Well, obviously

What’s a quango for, after all?

A quango has awarded millions of pounds of taxpayers’ money to companies with directors and owners who are closely linked to it, an investigation by The Times has found.

The purpose of a quango is to slice a bit off the body politic for the members of the quango. What else does anyone think they’re for?

The answer to which is, of course, to abolish quangos.

15 thoughts on “Well, obviously”

  1. Bloke in North Dorset

    Every election we get a promise that there will be a bonfire of the quangos but they continue to multiply and grow like topsy. Government is out of control.

    The real problem here is that we have a government agency funding private business research in the first place. If ever there was a call to snouts in the trough award this has to be a contender.

  2. From a public-choice perspective, why hasn’t the Bonfire of the Quangos happened? Is it because politicians like having a slush fund to employ their nephews? Because it’s nice to have an office full of sycophants who can provide friendly photo-ops? Because nobody likes firing people (hence the appeal of Donald “You’re Fired” Trump)?

  3. Last thing I heard on this was that the Conservatives had indeed got rid of a few Quangos. Part of the problem is knowing where to start as there are so many, part is finding a Civil Servant who really wants to reduce government interference.

  4. Taking a somewhat more friendly attitude towards quangos, the article is still, as so often in journalism, ridiculous. If a quango is to mean anything, to be effective, it must include people who know what they are talking about. Surprise, surprise, this includes those who are engaged professionally in the area the quango covers. Are the journos really suggesting that the best option for government contracts is to exclude any company linked to leading professionals engaged in the right areas?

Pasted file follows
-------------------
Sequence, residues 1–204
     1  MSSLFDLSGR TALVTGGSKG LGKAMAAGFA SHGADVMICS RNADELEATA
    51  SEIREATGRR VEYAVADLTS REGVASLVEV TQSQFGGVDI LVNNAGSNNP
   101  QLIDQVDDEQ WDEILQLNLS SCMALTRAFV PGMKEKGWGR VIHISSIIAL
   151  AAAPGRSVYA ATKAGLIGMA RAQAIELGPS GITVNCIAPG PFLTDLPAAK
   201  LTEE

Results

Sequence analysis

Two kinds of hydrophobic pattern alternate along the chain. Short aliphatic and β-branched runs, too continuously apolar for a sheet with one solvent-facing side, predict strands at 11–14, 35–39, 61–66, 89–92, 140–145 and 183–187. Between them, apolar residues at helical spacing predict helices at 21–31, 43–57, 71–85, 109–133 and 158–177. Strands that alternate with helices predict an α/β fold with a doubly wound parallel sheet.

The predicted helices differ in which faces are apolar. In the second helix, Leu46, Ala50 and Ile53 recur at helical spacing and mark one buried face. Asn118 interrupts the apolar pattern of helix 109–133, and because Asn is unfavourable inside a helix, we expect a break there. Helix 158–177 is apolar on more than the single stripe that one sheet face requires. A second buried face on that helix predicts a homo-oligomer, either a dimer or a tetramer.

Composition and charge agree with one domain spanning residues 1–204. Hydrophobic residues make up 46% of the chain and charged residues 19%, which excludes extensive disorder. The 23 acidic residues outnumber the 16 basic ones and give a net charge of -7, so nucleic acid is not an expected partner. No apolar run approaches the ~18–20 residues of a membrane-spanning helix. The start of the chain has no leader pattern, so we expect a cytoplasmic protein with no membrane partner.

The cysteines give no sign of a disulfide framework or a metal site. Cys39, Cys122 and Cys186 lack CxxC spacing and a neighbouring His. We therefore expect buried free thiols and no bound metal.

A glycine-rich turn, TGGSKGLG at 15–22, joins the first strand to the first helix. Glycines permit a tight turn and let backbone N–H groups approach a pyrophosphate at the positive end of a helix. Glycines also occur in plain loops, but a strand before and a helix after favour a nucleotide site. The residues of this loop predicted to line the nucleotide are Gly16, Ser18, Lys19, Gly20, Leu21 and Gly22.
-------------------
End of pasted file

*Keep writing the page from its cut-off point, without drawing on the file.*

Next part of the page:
5. @Nautical Nick

    Short answer is no. On the other hand, they might declare an interest before shoving their nose as far into the trough as they can get it.

  6. Dear Mr Worstall

    The prime purpose of government is to monopolise power and extort as much treasure from the plebs as possible. Quangos, B2G, fake charities and other non-government organisations, along with various other hangers-on and their best mates, exist only to help government squander it.

    Come retirement, politicians and bureaucrats then get cushy, overpaid jobs to repay the largess government has sprayed their way.

    Repeat endlessly down the decades. The only difference is that as we get richer, so the percentage government can cream off without crippling the economy increases. However, there are some politicians who take pride in promising to do just that. For some reason they look forward to watching people starve to death or die of hypothermia.


  7. Part of the problem is knowing where to start …

    Alphabetical will be fine. Keep going until you reach Z. Either way, defund all of them and all of the so-called charities.

  8. Conservatives may have closed a few, but they’ve created a few too.

    Gov’t could make closing quangos a reality TV show

    Every week you vote for which quango to close
    Text 63350 or Phone 0777 63350 for DfID

    Calls/Texts cost 60p, 50p of which will fund their redundancy payments

  9. @ Longrider
    If you want alphabetical start at W for “workers”; get rid of those most blatantly funding the Labour Party and/or adding to unnecessary regulations (there are more than enough of those for the job to last out a Parliamentary term), given the limited number of Civil Servants able and willing to think of abolishing bureaucracies.

  10. @Mr Lud

    Fair point

    Is this better?

    Every week you vote for which quango to save or close

    Save DfID – Text 63350 or Phone 0777 63350
    Calls/Texts cost £1 — 95p of which will fund them

    Close DfID – Text 63351 or Phone 0777 63351
    Calls/Texts cost 5p

Leave a Reply

Your email address will not be published. Required fields are marked *